How to Manage the Risks in Fragile States

By 2015 more than 50 percent of the world’s poor are projected to live in conflict-affected and fragile states, and by 2025 that proportion could rise to 82 percent. Aid donors and the UN development system want to effectively deliver results in fragile states, but these are complex and risky situations, where the potential for project failure and financial losses is significant. In this context, donors need to better manage the risks.

Risk management is hard enough because it’s about trade-offs and resolving operational tensions between risks and potential benefits. But put the international community together and it gets even harder. Every part of the UN and every donor has a different system. The combination of these disparate systems does not necessarily add up to effective risk management. Why? First, harmonization is difficult to achieve because varying donor objectives, incentives, definitions, and funding mechanisms place centrifugal forces on the UN system. Second, uneven quality and relevance of risk-related information available to donors and actors inhibits a coordinated effort.

There are things the UN and donors can do to improve the way risk management is done in fragile state contexts:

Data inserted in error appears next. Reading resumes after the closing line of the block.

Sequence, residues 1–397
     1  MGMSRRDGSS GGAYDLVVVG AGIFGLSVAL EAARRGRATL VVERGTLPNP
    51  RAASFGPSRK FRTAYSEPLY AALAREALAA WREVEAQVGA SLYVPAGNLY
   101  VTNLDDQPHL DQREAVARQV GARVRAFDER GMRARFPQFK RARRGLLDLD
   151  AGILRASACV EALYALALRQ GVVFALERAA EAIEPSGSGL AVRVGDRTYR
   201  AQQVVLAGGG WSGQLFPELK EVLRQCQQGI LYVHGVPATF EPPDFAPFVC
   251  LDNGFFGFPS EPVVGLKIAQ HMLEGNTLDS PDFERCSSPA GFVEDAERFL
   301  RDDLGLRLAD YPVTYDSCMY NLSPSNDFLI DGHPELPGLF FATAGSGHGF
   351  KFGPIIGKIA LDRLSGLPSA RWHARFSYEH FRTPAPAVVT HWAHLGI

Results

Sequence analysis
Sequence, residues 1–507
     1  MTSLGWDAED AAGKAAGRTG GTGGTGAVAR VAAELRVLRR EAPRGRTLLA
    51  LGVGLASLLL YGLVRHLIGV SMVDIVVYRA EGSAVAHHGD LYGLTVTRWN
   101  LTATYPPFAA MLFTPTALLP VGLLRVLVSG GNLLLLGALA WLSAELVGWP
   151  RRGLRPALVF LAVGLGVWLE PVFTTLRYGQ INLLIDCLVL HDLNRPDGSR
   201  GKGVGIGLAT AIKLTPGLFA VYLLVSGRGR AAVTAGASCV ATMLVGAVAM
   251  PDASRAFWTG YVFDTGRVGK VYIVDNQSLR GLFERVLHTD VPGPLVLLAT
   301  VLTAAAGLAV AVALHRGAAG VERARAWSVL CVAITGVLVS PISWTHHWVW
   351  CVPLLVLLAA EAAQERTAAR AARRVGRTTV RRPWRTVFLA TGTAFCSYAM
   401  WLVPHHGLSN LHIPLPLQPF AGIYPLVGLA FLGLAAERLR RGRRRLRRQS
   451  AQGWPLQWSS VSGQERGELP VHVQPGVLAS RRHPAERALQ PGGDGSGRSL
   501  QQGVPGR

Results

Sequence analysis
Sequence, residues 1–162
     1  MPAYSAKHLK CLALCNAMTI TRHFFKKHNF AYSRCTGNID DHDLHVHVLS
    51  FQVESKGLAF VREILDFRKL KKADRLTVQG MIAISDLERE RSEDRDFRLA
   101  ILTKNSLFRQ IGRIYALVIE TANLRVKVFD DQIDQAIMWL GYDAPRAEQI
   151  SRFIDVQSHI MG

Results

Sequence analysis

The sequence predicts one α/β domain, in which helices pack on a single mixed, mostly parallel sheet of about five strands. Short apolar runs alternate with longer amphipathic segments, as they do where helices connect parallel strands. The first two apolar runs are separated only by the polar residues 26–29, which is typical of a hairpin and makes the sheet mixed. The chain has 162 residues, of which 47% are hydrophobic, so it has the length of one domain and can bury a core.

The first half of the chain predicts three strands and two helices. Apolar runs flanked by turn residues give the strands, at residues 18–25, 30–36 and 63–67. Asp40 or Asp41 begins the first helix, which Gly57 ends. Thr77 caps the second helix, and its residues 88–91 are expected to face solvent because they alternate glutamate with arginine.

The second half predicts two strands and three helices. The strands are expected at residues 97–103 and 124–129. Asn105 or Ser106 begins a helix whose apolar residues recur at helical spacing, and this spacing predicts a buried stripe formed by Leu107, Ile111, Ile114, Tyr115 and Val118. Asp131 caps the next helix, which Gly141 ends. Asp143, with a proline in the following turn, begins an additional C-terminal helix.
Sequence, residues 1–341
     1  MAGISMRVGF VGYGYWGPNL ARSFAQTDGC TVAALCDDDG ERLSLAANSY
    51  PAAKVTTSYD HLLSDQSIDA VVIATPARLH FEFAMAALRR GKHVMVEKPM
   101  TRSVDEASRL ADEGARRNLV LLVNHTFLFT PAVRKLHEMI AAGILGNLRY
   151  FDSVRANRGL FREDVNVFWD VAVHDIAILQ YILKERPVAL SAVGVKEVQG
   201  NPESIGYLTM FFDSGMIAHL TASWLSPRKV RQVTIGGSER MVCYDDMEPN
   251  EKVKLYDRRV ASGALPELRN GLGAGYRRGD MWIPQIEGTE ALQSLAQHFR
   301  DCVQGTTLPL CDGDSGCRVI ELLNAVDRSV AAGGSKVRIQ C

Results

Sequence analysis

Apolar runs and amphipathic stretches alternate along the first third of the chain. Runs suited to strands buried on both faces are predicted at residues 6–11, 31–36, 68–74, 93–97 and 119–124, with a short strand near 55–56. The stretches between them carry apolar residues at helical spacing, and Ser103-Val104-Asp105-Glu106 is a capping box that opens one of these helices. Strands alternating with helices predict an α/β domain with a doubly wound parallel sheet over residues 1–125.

• Donors can first agree to adopt common definitions on risks and a common framework for risk management as a starting point.
  • Building from that framework, donors could then collaborate with the UN to develop a set of common minimum risk management standards to use in fragile state settings. Donors could explore limiting their own claims for compensation in case a UN development project in a fragile state should fall short of its planned objectives, if all agreed minimum standards were met and a good faith effort was made.
  • Donors can also revisit their guidelines for joint risk management assessments in addition to using pooled donor funds as a platform for common risk management responses.
  • The UN can share its own risk management processes with donors and provide quality, timely, and honest reporting on projects to donors.
  • The UN should also continue its own internal efforts to harmonize its language and practices across agencies without creating additional burdens to already stretched UN development practitioners in the field.

For a joint approach to work, a convergence of political choices among donors is key. Donors must determine their own strategic objectives, risk appetites, and the nature of the relationship that they seek with the UN.

These are general suggestions to address a very complex issue. We should remember that risk management is contextual and approaches will vary depending on circumstances. For a more in-depth look at these issues and suggestions on how to achieve smart risk management, download CIC’s white paper by Marc Jacquand and Shelley Ranii on UN Development System Risk Management in Fragile States, which was prepared for the Utstein Group’s 2014 spring meeting.

Vertical Tabs